The Ultimate Guide to Spring Cleaning Your Business

In our home base of Toronto, March and April are important months. While we love the Ontario winters and the fun activities it brings, many of us begin to long for spring this time of year. We want to peel off those extra layers, shed the boots and scarves and become a bit more agile in our day-to-day.


We’ve had neighbours over the years call it all sorts of things: spring cleaning, coming out of hibernation and even shedding.

Of course, organizations do this too — and the time frame is often similar.

Senior leaders typically have some downtime around the holidays in December (relative to industry, of course) and come back in January refreshed and renewed, often buoyed by personal — and some professional — resolutions. But then day-to-day work sets in. A client recently called it “the business of doing business”, and it can lead to resolutions falling by the wayside, both personally and professionally. Compare the number of cars in a gym parking lot on January 2nd to those still there on April 2nd and you’ll see this phenomenon in action.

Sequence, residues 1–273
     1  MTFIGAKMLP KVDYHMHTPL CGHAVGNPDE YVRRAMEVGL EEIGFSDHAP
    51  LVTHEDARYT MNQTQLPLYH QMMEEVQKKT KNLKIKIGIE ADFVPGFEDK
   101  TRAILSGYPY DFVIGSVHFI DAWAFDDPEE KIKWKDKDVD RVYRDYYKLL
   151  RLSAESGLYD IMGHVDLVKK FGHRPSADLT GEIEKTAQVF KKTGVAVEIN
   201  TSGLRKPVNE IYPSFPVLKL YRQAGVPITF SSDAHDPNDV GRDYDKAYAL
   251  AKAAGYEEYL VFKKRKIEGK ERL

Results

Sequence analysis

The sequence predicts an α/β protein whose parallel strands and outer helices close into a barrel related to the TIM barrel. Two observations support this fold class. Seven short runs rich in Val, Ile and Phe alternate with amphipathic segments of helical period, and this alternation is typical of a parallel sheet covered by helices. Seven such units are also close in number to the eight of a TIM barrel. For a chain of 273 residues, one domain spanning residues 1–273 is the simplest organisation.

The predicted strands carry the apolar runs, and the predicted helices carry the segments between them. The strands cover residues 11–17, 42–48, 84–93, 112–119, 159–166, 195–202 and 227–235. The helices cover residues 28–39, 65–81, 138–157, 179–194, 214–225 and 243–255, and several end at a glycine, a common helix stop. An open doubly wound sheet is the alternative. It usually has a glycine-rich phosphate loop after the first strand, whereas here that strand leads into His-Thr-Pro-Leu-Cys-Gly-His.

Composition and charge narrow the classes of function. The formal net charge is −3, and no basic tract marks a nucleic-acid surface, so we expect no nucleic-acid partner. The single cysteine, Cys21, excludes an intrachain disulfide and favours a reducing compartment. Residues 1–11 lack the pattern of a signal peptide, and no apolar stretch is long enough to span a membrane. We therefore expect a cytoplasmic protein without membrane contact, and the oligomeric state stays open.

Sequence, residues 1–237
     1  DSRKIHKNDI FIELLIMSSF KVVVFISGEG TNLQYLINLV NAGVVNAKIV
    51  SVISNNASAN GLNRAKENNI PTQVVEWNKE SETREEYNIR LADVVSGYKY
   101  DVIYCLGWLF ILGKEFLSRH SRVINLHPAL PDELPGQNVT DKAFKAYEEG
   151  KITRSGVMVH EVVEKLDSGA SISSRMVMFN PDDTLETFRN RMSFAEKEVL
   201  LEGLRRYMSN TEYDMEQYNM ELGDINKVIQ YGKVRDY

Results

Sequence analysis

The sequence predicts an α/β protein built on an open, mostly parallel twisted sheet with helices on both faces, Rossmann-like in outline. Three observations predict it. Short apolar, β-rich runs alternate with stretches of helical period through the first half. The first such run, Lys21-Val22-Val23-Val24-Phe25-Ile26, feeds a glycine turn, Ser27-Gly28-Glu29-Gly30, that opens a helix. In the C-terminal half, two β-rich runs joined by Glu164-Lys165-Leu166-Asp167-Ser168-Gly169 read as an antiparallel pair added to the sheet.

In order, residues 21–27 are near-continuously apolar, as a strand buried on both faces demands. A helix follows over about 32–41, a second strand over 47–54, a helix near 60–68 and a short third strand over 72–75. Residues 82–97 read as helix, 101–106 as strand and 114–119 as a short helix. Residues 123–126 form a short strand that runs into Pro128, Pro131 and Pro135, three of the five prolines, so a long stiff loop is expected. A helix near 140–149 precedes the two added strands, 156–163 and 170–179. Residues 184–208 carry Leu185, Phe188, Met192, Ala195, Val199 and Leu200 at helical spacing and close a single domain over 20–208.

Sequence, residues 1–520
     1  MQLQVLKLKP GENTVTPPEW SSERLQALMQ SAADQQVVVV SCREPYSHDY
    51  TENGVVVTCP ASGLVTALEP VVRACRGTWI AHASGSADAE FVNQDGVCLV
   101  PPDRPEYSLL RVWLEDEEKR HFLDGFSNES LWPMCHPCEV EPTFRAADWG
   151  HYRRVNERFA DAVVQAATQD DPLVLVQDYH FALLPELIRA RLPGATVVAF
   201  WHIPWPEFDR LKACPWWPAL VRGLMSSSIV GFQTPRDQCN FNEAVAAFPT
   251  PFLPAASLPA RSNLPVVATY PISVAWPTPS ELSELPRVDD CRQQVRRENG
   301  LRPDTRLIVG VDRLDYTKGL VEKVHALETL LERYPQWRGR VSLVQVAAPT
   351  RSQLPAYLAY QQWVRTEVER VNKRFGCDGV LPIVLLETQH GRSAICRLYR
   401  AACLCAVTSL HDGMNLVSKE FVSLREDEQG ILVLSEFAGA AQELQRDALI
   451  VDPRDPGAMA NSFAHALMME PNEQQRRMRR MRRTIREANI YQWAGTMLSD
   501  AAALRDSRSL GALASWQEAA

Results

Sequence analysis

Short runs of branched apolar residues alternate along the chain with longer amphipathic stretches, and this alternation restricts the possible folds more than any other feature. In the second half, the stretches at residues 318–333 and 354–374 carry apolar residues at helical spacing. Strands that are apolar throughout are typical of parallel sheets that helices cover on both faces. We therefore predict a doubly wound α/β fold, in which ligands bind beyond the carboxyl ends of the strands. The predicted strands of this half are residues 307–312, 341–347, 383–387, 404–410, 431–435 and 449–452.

Perhaps you’re familiar with this in your own life and business. Here we are nearing the end of Q1, how are you tracking on your resolutions for 2016? If you’re feeling off-priority or misaligned with your original goals, perhaps it’s time for a little spring cleaning!

The Ultimate Guide to Spring Cleaning Your Business

5 Steps to Spring Cleaning Your Organization

We approach this type of exploration with clients in different ways relative to their industry, background and the specific reason they reached out to us, but there’s a consistent five-step process for how a leader should be involved in renewal.

  1. Inspire
  2. Focus
  3. Harmonize
  4. Correct
  5. Reward


1. Inspire:

The primary mission of the work we do with our clients is tying everything back to purpose. Keeping purpose at the center not only inspires but often leads to much greater sustainable financial growth as well.

The “inspire” stage in the spring cleaning process is the cornerstone of bringing purpose into the picture. A leader must set a vision for the work being done; it can’t simply be transactional (i.e. a salary), although we will get to rewards later in this list. The leader’s role in this stage is to ensure the shared “purpose” is visible to the entire team. Leader’s need to have the courage to engage with team members about their personal purpose, to ensure they are inspired by and working towards the organization’s purpose.